Anyone can talk the talk, but the current TNT Champion regularly backs up his greatness on the microphone, but he can move audiences with how his matches are structured. Everything is down to a science as he psychologically manipulates everyone to feel and stay into the story. He doesn’t need to have an epic war of chops, or a technical masterpiece, nor does he need to soar through the sky. He just does what needs to be done – the way that American wrestling is supposed to be. That’s the idea of it. 

Harkening to current AEW World Champion, the newly babyface MJF, for the longest time he was the de facto heel. The one who would get under everyone’s skin, either by low-hanging fruit or masterful planning. The one who felt iredeemable and hatable. Since his heart has changed during his time with Adam Cole, that aspect of Friedman left, despite his willingness to be himself in all his scumbag glory.

In that spot, a void was left. Left, and quickly filled by Christian Cage. I salivate at the idea of these two someday locking up with these current characters.
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Back to Adam Copeland. He’s a key fixture in Christian’s career. Despite all the heights Adam would reach within WWE as Edge, he was so intertwined with Christian. He’s grown wiser and older and lived all these things whereas Christian was, and still is catching up. Christian, someone who was great all along but doesn’t know how to handle it, has lost himself while Adam is ready to move on and accept where he is in his career. After his victory over Sheamus on that August episode of SmackDown, Adam is content and wants to finish his career the way he came in – with his best friend.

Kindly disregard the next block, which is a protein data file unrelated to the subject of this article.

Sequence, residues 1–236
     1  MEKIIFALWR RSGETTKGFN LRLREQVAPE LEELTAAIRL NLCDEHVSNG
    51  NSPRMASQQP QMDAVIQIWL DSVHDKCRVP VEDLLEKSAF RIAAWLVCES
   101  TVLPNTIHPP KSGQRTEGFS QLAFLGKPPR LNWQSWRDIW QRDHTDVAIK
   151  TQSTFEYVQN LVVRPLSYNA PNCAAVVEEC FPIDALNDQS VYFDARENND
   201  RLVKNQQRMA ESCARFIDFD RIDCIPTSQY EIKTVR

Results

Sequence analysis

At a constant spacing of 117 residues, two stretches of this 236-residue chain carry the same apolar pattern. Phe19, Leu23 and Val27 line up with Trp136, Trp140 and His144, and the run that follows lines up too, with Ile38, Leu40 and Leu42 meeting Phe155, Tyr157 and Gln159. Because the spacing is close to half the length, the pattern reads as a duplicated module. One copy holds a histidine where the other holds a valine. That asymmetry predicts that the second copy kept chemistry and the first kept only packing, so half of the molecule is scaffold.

The only problem? Christian’s moved on. He’s finally on the level Adam is on, and he’s living for it. Except, it feels he’s oddly empty inside. He’s doing all these things and being horrible there, but behind that iconic scowl riddled with age and life, there is nothing. There’s an unfulfillment that is wrought with the hurt of rejection.